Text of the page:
NIESR – UK growth unlikely to hit Government’s 2.8% target
The National Institute of Economic and Social Research (NIESR) says the Chancellor’s aim of raising UK economic growth to around 2.8% a year is “unlikely to be attained in the current global economic context”.
The Institute says elevated economic uncertainty will persist until the details of the UK’s future trade relationship with the EU are settled and, as a result, investment and productivity growth will pick up only gradually.
NIESR expects GDP to grow by around 1.5% in 2020 and 2021, unchanged from 2019, stating that economic conditions are “set to continue roughly as they have been with slow growth and output close to capacity”.
The March Budget is expected to be focused on ‘levelling up’ income levels across the United Kingdom. But NIESR says additional public investment of up to around £20 billion per year is “unlikely to have more than a modest impact on productivity and is not expected to offset the negative effect of Brexit”.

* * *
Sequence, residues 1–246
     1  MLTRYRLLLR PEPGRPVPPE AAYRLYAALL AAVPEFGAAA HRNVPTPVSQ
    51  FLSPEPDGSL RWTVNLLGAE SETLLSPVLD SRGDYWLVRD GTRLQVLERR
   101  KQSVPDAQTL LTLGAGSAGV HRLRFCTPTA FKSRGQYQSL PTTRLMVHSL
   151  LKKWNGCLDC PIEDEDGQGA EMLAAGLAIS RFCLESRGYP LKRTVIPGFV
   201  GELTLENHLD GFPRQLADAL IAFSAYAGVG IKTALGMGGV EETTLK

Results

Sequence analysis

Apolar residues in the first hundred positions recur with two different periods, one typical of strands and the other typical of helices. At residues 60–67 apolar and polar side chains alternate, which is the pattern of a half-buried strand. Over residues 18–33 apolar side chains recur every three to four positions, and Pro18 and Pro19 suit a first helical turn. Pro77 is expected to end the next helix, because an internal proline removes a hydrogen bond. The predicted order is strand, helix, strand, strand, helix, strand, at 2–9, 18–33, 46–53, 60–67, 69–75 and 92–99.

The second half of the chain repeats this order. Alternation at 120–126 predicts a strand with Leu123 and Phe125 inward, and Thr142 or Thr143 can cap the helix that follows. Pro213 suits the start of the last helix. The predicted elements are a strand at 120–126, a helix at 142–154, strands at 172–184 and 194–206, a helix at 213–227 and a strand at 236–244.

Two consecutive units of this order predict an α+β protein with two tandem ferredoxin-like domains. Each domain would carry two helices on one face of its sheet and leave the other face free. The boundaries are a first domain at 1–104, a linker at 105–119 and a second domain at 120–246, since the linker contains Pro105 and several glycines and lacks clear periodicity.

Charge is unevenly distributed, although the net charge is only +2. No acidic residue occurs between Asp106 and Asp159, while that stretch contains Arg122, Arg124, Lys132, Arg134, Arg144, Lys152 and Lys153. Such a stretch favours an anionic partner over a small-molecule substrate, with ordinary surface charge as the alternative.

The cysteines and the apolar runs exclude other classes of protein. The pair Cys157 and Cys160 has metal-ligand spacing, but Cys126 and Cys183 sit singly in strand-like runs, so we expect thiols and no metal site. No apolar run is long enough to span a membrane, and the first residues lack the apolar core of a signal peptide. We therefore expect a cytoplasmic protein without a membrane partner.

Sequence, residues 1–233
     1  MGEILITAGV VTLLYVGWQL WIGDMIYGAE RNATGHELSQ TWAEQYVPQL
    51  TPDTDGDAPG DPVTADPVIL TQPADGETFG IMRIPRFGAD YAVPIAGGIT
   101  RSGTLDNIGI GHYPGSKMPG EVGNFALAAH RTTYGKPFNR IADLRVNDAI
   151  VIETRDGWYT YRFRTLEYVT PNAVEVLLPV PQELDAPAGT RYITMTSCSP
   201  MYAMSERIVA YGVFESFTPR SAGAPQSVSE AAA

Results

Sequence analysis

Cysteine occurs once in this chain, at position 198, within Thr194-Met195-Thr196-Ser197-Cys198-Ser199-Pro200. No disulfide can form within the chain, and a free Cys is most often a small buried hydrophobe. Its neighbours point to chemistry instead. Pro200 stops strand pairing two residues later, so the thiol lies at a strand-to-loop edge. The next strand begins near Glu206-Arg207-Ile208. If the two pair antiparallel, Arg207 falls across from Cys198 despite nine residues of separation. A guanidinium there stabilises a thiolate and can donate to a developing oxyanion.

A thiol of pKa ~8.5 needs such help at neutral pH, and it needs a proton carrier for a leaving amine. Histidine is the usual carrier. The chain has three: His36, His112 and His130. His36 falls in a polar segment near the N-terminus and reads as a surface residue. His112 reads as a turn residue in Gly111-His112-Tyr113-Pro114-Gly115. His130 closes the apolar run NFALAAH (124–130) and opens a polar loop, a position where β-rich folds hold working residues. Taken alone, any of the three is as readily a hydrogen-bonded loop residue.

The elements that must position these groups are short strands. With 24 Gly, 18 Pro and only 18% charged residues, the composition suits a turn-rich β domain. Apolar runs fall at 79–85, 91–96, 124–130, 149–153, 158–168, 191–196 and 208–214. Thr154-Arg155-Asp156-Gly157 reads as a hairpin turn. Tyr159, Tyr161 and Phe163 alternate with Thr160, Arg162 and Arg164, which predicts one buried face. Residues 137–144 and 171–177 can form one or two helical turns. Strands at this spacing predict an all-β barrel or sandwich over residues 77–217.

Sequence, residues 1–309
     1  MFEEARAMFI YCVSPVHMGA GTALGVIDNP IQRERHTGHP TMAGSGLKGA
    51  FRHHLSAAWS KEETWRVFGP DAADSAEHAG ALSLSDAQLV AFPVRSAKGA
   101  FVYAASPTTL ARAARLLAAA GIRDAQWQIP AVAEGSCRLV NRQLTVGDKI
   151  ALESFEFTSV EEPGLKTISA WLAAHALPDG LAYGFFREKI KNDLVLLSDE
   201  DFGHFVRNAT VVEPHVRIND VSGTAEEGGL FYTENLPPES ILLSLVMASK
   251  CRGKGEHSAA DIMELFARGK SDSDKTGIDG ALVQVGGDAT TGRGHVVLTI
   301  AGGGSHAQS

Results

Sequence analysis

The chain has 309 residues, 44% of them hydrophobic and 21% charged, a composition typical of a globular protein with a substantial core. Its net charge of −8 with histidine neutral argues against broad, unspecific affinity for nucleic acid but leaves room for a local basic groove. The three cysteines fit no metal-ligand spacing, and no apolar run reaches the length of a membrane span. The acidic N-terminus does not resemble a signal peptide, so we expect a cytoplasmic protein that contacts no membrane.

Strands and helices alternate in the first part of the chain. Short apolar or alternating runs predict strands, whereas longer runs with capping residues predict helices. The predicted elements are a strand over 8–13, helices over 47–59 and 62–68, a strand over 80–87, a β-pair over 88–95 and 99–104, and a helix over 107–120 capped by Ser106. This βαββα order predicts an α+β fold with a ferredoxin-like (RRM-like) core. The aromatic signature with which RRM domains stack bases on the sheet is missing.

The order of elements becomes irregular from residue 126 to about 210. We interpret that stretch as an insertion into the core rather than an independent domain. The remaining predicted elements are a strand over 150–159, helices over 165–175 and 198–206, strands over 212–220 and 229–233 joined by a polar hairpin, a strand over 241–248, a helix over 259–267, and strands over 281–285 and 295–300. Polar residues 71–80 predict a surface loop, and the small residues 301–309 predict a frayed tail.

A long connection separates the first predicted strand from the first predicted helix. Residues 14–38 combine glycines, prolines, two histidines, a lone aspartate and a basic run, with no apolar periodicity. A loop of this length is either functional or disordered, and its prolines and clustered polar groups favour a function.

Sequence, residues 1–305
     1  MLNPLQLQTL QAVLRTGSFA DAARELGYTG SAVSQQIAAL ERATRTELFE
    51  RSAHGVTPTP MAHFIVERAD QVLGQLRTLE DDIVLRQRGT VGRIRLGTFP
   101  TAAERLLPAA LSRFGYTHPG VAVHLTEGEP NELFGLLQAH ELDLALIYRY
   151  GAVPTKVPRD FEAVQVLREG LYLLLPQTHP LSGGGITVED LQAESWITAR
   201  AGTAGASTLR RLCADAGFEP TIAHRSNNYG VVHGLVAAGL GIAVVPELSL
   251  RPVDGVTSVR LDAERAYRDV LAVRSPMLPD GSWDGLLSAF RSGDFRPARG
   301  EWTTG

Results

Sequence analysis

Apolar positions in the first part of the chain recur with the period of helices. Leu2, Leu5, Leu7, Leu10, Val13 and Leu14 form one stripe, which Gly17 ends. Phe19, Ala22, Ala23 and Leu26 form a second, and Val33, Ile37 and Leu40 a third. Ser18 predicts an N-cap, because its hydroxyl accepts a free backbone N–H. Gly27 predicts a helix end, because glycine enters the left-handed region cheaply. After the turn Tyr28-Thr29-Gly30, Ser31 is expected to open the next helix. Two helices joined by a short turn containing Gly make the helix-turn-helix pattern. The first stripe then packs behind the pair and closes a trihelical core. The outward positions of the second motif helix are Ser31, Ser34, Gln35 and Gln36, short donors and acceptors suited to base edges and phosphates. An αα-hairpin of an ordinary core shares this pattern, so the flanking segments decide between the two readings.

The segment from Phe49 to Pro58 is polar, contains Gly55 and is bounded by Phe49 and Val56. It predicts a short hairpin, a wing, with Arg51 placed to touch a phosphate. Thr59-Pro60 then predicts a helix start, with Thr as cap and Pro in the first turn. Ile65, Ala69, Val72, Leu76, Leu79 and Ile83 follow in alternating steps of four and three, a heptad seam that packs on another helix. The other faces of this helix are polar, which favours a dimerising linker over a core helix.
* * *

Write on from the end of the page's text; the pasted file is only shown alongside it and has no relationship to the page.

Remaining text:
Garry Young, director of macroeconomic modelling and forecasting at NIESR, said: “Attempting to raise overall growth to around 2.75% a year at the same time as levelling up the regions will require significant improvements in productivity throughout the economy, especially where productivity has hitherto been lagging.
“Productivity growth would need to be faster in the poorer regions if overall growth is to meet the Chancellor’s aim while the regions are levelling up. A rough calculation suggests that if productivity in the London economy were to grow by only 1% a year, then it would need to grow by more than 3% a year in all other regions if the UK was to achieve productivity growth of 2.5% a year.”
Source: Financial Reporter